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I am attempting to do the following in a bash script and am wondering if it is possible:

  • Time the output of a command (in this case, mysql) using time
  • Suppress the stdout output of the command
  • Capture the stderr output of the command in case of an error
  • Check the exit status code of the command after running it

This is a complex chain and I haven't had much luck getting it all to work together. I can get the status code to work if I cease using time.

This is what I had so far:

# the setup
TIMEFORMAT=%R
MYSQL=mysql <options>

# execute and time a query (does more than is listed here)
function executeQuery {

  TIME=$( time ( $MYSQL "$1" 2>&1 | tee /tmp/somefile.txt > /dev/null ) 2>&1 )

  # do something with $?

}

I am redirecting any error response from the command to a file using tee, and then sending the resulting stdout to /dev/null. I am then redirecting the time command's stderr to stdout, which should end up in $TIME.

Now if I change that line to something like:

  TIME=$( time ( $MYSQL "$1" 2>&1 | tee /tmp/somefile.txt > /dev/null; exit ${PIPESTATUS[0]} ) 2>&1 )

It correctly sends back the exit code from mysql, but breaks the time command.

Is this even possible? Have I missed something? Hopefully the goal is clear.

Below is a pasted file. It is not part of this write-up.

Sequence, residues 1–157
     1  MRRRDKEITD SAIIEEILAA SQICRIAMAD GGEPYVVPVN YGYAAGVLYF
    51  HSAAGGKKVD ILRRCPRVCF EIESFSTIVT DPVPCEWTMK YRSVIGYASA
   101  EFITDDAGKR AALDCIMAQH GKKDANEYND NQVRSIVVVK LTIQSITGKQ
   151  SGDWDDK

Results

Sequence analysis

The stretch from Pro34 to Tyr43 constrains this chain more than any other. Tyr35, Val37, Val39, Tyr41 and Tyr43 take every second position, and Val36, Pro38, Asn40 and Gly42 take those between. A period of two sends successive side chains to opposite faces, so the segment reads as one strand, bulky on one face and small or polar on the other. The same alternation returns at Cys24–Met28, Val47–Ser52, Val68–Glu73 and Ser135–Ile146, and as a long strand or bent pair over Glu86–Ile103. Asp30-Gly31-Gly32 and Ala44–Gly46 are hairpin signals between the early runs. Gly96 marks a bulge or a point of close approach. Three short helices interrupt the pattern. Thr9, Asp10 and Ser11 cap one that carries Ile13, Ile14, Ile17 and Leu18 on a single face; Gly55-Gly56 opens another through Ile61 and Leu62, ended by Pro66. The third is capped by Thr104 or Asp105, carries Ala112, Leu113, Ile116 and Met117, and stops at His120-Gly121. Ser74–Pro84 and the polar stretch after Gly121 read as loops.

Thanks!

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1 Answer 1

up vote 2 down vote accepted

bash time is a major PITA. Its output isn't redirectable without nasty shell hacks like your multiple levels of subshells. http://mywiki.wooledge.org/BashFAQ/032 suggests that the correct answer is:

TIME = $( ( time $MYSQL "$1" 2>&1 | tee /tmp/somefile.txt > /dev/null; exit ${PIPESTATUS[0]} ) 2>&1 )

Note that bash time takes an entire pipeline as an argument, so placing the subshell after the time invocation is incorrect.

This was tested with

TIME = $( ( time ls /asdfasfdsfs 2>&1 | tee asdf 2>&1 >/dev/null ; exit ${PIPESTATUS[0]} ) 2>&1 );
echo $?;
echo $TIME

Which gave me

2
real 0m0.003s user 0m0.004s sys 0m0.004s
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Worked perfectly -- many thanks! Looks like the only thing I was missing was moving time into the same subshell as the command chain. Makes sense now that I think about it. –  futureal Dec 5 '12 at 18:39

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